* Kaiser Health News | A baby spent 36 days at an in-network hospital. Why did her parents get a huge bill?: It took Kearney months of calls to Blue Cross and the two hospitals to find out why Lurie billed more than $14,000 for physician services: The physicians treating her daughter at Prentice Women’s — an in-network hospital under her health plan— actually worked for a separate, out-of-network hospital. Illinois law bars insurers from charging patients out-of-network rates for neonatal care at in-network hospitals.

    * Sun-Times | Two Chicago universities receive millions in federal funding to expand high-speed internet access: St. Augustine College and Dominican University received federal grants to expand access to high-speed internet on their campuses. The Connecting Minority Communities Pilot Program, under the U.S. Department of Commerce, awarded $2.6 million to St. Augustine and $2.5 million to Dominican, the department announced Monday.

    * Illinois News Bureau | Site of integrated Illinois town founded by former slave is newest national park: Frank McWorter, known as “Free Frank,” platted and registered the town of New Philadelphia in 1836. McWorter hired out for extra work on neighboring plantations while enslaved, and he and his wife, Lucy, bought freedom for themselves and 14 other family members. They acquired land in Pike County, and after platting and registering space for the town, Frank and Lucy sold lots to free African American families and European American families attracted to their vision of a community dedicated to freedom. New Philadelphia – just 25 miles from the slave markets in Hannibal, Missouri, – helped people escaping slavery along the Underground Railroad.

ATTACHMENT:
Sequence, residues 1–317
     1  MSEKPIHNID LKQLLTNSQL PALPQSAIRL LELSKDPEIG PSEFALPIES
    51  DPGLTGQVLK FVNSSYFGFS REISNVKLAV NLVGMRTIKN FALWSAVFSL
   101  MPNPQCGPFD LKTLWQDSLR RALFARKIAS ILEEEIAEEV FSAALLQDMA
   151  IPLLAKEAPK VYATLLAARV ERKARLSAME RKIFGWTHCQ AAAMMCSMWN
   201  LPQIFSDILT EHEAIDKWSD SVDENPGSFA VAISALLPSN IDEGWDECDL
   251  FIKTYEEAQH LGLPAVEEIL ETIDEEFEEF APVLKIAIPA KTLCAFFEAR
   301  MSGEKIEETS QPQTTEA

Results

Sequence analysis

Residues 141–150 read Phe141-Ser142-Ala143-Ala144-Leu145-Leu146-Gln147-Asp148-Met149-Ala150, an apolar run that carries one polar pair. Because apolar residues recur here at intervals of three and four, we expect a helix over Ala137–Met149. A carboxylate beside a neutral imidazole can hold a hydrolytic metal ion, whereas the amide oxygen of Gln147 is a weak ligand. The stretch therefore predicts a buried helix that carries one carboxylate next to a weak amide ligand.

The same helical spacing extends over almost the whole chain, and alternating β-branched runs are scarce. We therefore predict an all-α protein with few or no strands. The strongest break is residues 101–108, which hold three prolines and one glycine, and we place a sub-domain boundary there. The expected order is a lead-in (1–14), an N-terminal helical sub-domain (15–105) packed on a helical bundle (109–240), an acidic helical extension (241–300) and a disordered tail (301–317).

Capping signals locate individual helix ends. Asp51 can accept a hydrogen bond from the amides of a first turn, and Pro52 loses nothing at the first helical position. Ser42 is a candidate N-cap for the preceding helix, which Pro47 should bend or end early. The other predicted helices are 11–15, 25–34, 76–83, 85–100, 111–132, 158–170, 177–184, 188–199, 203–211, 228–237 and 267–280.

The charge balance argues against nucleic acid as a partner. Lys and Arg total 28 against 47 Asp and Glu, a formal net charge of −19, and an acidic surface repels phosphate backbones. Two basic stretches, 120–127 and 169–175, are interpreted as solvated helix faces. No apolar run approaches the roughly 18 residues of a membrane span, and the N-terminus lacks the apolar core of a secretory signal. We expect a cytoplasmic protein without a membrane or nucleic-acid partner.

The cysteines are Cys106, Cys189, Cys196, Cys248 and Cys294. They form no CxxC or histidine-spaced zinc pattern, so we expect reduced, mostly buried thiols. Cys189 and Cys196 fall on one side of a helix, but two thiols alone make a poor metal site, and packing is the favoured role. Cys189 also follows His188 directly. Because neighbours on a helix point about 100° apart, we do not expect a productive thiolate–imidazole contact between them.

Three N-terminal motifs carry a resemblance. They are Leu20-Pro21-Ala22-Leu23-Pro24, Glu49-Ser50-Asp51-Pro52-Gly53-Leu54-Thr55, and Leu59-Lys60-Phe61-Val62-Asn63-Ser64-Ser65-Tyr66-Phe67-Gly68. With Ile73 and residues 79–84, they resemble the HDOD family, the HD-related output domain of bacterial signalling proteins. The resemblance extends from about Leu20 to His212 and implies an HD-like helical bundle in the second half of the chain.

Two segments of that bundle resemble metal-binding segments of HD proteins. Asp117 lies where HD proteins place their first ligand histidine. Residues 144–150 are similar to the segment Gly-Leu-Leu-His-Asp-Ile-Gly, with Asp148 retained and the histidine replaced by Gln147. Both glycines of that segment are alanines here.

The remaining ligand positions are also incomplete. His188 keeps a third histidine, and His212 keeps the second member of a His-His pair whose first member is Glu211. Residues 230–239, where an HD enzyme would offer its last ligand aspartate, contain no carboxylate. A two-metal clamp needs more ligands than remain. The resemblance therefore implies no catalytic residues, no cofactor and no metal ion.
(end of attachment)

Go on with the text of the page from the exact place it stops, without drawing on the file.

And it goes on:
* KHQA | Documentary about the Old State Capitol to air on TV: The documentary features interviews with two of the original architects who were in charge of dismantling and rebuilding the Old State Capitol.

    * NBC Chicago | Chicago ‘Dibs’ Scene Sparks Big Social Media Debate: “I don’t mind dibs when my neighbor spent time clearing dibspot ( I have a cool neighbor that clears 2-3 spots but claims only 1), but in the weather it’s just petty. May as well start dibs in the summer too,” one commenter wrote.

    * CNN | Puppy Bowl XIX: How to watch the other big game: There will be more puppies playing - 122 from 67 shelters and rescues across 34 states - and, for the first-time, the competition will feature a Native American animal organization and a puppy player from Dominica, West Indies.

    * Block Club | In Englewood, Thousands Of Tulips Are Blooming — During The Winter: Southside Blooms, the flower shop of Englewood-based nonprofit Chicago Eco House, 6250 S. Morgan St., is growing 18,000 tulips indoors for a good cause. The program — which has been featured on TV — is known for creating jobs for at-risk youth and converting vacant lots into community assets.